Do you ever feel any pressure to use your show as a platform for social commentary?

I think it’s really important to make your show inclusive and accepting as a base line. The first time we did Werewolf as a theatre show two trans folks played the game, and I learned a valuable lesson about correct pronouns - now that’s something that’s just built into the show.

So while Werewolf: Live doesn’t necessarily have much to say about the world (although the amount I’ve learned over the years about group dynamics and mob mentality is honestly staggering), it’s still of paramount importance that it’s a safe, welcoming space to folks of all backgrounds and genders. Games are such a great space to explore ideas, try being another character, or just express yourself in a different way, and I want to make sure it’s open to everyone.

Does it ever worry you that your show is almost totally reliant on the cooperation of the audience? Has there ever been a time where it’s just not worked?

The quietest show we ever did was literally the day before the show you saw in Brighton. We’d only just arrived in town, had done very little marketing and less press, and of the 13people who booked, only 8 turned up. It could have been hideous, except because of the stage size we could only fit 8 on stage, so I just brought everyone up, and we played 3 rounds of Werewolf with the whole audience playing, and I stood in the audience, performing to them. It ended up being one of the most fun shows we did – it was really intimate and exciting, and reflects the dinner party shows we used to do in Sydney, where everyone would play. We all went for a drink after and had a great time!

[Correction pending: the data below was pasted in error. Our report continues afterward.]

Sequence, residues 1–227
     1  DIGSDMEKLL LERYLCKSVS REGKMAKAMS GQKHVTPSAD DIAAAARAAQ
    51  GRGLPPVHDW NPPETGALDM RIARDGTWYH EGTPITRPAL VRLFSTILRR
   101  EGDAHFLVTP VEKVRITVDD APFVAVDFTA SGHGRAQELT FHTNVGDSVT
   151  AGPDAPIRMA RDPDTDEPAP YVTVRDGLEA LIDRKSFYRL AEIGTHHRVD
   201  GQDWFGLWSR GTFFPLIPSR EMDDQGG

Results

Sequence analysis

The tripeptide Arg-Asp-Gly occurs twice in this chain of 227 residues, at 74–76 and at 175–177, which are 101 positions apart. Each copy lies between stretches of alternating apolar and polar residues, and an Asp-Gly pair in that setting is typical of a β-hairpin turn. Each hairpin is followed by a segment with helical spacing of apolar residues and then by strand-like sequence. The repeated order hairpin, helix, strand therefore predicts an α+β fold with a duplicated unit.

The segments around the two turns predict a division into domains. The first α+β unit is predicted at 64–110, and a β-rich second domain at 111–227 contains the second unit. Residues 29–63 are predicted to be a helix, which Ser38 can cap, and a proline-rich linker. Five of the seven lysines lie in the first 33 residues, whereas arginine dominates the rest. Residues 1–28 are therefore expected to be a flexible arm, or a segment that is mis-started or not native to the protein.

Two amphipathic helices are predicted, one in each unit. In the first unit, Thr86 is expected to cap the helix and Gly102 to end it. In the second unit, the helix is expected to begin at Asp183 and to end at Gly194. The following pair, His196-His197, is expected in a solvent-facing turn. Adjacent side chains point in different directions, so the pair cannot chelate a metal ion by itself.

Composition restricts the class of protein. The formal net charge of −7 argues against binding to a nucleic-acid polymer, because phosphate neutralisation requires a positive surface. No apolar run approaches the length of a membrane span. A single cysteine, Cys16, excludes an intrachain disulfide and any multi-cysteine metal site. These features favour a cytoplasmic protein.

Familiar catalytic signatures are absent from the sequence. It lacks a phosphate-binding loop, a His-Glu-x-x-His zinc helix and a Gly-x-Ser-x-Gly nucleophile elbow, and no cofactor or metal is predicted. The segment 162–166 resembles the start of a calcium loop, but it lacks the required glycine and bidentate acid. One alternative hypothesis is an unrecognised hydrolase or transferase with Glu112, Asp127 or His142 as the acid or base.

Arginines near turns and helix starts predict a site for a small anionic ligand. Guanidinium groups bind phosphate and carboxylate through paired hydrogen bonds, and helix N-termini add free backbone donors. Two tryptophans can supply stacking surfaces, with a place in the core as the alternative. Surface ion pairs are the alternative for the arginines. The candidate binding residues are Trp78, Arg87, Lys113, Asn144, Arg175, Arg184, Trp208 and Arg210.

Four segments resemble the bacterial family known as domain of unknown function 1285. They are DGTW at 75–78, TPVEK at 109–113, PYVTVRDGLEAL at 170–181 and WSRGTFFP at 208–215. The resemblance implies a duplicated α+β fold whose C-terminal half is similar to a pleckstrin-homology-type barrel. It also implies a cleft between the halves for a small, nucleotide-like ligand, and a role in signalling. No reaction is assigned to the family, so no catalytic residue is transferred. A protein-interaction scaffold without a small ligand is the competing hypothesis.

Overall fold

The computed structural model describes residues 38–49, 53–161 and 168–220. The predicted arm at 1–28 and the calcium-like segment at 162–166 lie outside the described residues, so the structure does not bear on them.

The only way it wouldn’t work is if I literally didn’t get enough people to fill one game. Then I’d be very sad. Hasn’t happened yet, but the Fringe can be capricious beast!

Outside of Werewolf you have a number of other projects and creative ventures on the go. Can you tell us about some of them?

Excitingly, last year I built a megagame (read: model UN on steroids) that was very positively reviewed by board game heroes Shut Up & Sit Down, which was a massive personal achievement for me. I’ve been designing lots of new game prototypes with my company Treehouse, I’ve been helping people build bespoke games for special occasions and am currently building an escape room for my friends’ wedding, as well as looking to set a room up in London soon. We’re also taking a play I’ve written to Edinburgh. IT’S A LOT, TOM.

What advice would you give to someone who wants to take a show up to the fringe?

I would strongly consider doing a free show when you start – Edinburgh will always been an expensive endeavour, but if you can save on venue costs you can get a feel for what you might like to do (and where you might like to be) before investing too much. Going as a punter first can really help with this too.

I actually wrote a book on how to take a show to Edinburgh with my partner (who is also the director and producer of Werewolf: Live) which I thought was really good but then Steve Bennett didn’t like it and that made me sad. But there’s some great advice in there!

742af2cf2b60e273cb67bde04d9d8a9348bf4251.jpgKatherine Rodden

And what advice do you wish you’d been given when entering the creative sector?

Get yourself a steady ‘money’ job that doesn’t take up too much of your mental energy. There are folks who manage to make creative work pay, and that’s amazing, but it’s hard and takes a while. Feeling secure is so important for mental health and creativity, so it’s useful to be able to keep your creative work separate from your “needing to pay for food” work. 

When and where can people see your show?

10:50pm, Underbelly Cowgate (Iron Belly). Every day apart from 6th, 13th and 21st.

The charity spectacular is 21st at 11:30pm at Udderbelly. There are 400 seats. Please book.

And where can people find, follow and like you online?

I’m on Twitter @JonGracey, Werewolf is on Facebook at Werewolf: Live and my website is That last one is not a joke. That is my for reals website, because I’m great.

Header Image Credit: Fran Hales


Tom Inniss

Tom Inniss Voice Team

Tom is the Editor of Voice. He is a politics graduate and holds a masters in journalism, with particular interest in youth political engagement and technology. He is also a mentor to our Voice Contributors, and champions our festivals programme, including the reporter team at the Edinburgh Festival Fringe.